Be­yond this, the Homepod— trapped as it is in Ap­ple’s ecosys­tem—doesn’t have the in­cred­i­bly rich and grow­ing laun­dry-list of third-party de­vices and skills that Ama­zon can claim and Google seeks now to em­u­late. Un­like with Steve Jobs’s early vi­sion of hav­ing out­side de­vel­op­ers build apps for the first iphones and al­low­ing that ever-ex­pand­ing fea­ture set to drive the prod­uct to ubiq­uity, there’s no sim­i­lar in­fras­truc­ture here for Siri be­yond that for Homekit au­to­ma­tion. That could re­ally hurt it in the long run, which would be a shame given what a fine au­dio prod­uct it is.

How­ever, if you’re not yet steeped in Ama­zon’s Echo world and haven’t be­come a smart speaker tech­nos­nob, you may just find that HomePod does pretty much ev­ery­thing you need a smart speaker to do rea­son­ably well enough (if not with ex­cel­lence), while de­liv­er­ing the best damn sound you’ve ever heard from a com­pact speaker dur­ing the 99 per­cent of the time you’re just lis­ten­ing to mu­sic and not ask­ing it to tell you the tem­per­a­ture, re­cite news head­lines, or give you the Cow­boysGiants score. Although Siri doesn’t share the more ad­vanced ar­ti­fi­cial in­tel­li­gence of Google As­sis­tant or Alexa or the abil­ity to fire up your Roomba by voice, it still does the ba­sics, of­fer­ing up weather, traf­fic, tips on lo­cal restau­rants, sports scores, pod­casts, stock quotes, and gen­eral ques­tions about what­ever. In other words, the same stuff you can do with Siri on your phone.

As for au­to­ma­tion, Homekit is a more limited plat­form than Alexa but still of­fers enough add-on de­vices and so­phis­ti­ca­tion to do what most peo­ple want. And I found it ex­tremely sim­ple to set up and use.

Con­clu­sion

In the end, Ap­ple’s Homepod proved it­self—to me, any­way—to be the shin­ing tri­umph of au­dio en­gi­neer­ing the com­pany por­tends it to be. As­sum­ing you’re an IOS user to start with, your opin­ion of this speaker will come down to your pri­or­i­ties and where you are on the smart speaker adop­tion curve. If you’re al­ready deep into Alexa and Google ter­ri­tory in your home, with one or mul­ti­ple speak­ers, you may be used to cer­tain fea­tures (Au­di­ble, any­one?) or mu­sic ser­vices that sim­ply aren’t avail­able on the HomePod. You’re not likely to swap these out for Home­pods no mat­ter how good they sound.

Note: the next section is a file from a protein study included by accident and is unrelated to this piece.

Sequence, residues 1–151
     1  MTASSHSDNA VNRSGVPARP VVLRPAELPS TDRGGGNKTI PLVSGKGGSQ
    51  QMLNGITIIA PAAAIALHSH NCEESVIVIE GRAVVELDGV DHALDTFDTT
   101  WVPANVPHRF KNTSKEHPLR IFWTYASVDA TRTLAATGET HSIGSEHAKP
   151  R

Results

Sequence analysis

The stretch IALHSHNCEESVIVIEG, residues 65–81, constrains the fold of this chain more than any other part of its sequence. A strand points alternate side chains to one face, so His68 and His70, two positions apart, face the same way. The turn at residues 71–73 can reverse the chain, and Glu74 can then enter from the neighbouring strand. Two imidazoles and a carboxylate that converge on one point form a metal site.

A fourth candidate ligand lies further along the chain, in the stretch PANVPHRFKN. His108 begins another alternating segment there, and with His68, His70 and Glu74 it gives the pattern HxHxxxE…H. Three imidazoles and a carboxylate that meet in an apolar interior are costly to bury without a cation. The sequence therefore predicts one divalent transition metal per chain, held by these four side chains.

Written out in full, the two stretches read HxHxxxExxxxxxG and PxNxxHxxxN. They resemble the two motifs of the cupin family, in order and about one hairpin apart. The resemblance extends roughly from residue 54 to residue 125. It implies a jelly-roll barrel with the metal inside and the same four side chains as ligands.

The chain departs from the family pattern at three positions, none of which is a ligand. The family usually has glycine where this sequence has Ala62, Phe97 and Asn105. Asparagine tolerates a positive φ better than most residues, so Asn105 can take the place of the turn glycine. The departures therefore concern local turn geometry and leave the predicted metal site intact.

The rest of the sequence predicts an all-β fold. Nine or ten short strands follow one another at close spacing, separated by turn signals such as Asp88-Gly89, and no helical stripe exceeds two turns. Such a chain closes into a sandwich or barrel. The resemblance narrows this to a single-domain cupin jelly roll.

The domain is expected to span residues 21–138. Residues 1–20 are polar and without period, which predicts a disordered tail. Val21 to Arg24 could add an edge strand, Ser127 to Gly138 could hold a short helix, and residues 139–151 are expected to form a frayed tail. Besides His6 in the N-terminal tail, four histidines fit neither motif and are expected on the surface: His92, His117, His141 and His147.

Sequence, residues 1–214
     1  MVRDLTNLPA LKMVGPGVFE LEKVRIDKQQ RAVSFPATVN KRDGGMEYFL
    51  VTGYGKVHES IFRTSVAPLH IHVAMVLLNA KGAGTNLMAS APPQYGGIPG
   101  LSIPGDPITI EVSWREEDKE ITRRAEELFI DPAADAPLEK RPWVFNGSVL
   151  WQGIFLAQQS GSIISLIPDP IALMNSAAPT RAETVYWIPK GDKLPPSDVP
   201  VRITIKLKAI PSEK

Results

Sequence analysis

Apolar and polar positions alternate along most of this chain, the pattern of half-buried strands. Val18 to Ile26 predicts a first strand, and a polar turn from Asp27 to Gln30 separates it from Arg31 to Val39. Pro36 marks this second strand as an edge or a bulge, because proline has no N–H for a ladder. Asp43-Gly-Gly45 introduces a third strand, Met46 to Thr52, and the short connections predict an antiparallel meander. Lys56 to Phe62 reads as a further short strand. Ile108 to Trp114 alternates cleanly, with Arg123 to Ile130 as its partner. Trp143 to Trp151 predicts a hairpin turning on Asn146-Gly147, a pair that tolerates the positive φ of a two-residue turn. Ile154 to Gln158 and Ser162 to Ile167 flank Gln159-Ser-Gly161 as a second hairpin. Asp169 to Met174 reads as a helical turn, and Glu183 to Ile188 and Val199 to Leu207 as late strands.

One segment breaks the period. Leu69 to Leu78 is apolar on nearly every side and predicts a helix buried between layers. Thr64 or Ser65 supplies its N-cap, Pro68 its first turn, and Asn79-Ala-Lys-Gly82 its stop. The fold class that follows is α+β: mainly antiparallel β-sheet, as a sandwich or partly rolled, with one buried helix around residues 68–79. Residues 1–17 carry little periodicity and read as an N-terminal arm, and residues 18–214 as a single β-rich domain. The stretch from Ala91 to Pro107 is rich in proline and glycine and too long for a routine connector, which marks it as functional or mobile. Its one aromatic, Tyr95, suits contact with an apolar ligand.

On the other hand, if you’re just dip­ping your toe into smart speak­ers and aren’t put off by the monthly com­mit­ment to Ap­ple mu­sic, you need to ask your­self what you re­ally plan to use your smart speaker for. Are you buy­ing one to get a rise out of your win­dow shades? Or a lift from your mu­sic? Although I ap­pre­ci­ate a lot of what Alexa and Google As­sis­tant can do and the ad­vance­ment of those plat­forms, I fall into the cat­e­gory of peo­ple who put the mu­sic first. How about this ap­proach: If what you’re look­ing for is a great lifestyle speaker, skip the whole smart thing al­to­gether and just buy a Homepod to use as an Air­play wire­less speaker. If you never even ask it the time of day, it’s still worth ev­ery penny of its $349 price. And then some.

The Homepod is, in­deed, a re­mark­able sonic achieve­ment.

The non­de­script and softly rounded Homepod none­the­less speaks loudly with its sound qual­ity.

Above, Ap­ple’s au­dio lab in­cludes a cham­ber for test­ing speaker vi­bra­tions (top) and a large, long-wave ane­choic cham­ber that fully ab­sorbs deep bass signals.

An X-ray ren­der­ing shows key com­po­nents of the de­sign.

Along with Space Gray, the Homepod comes in an all-white ver­sion.

Top: Ap­ple’s Home app takes you through just four sim­ple setup screens. Bot­tom: The Ap­ple Mu­sic app also lets you see and con­trol what’s play­ing on Homepod.

Col­ored LEDS be­hind a plas­tic lens make for a smokey, swirling ren­der­ing of Siri.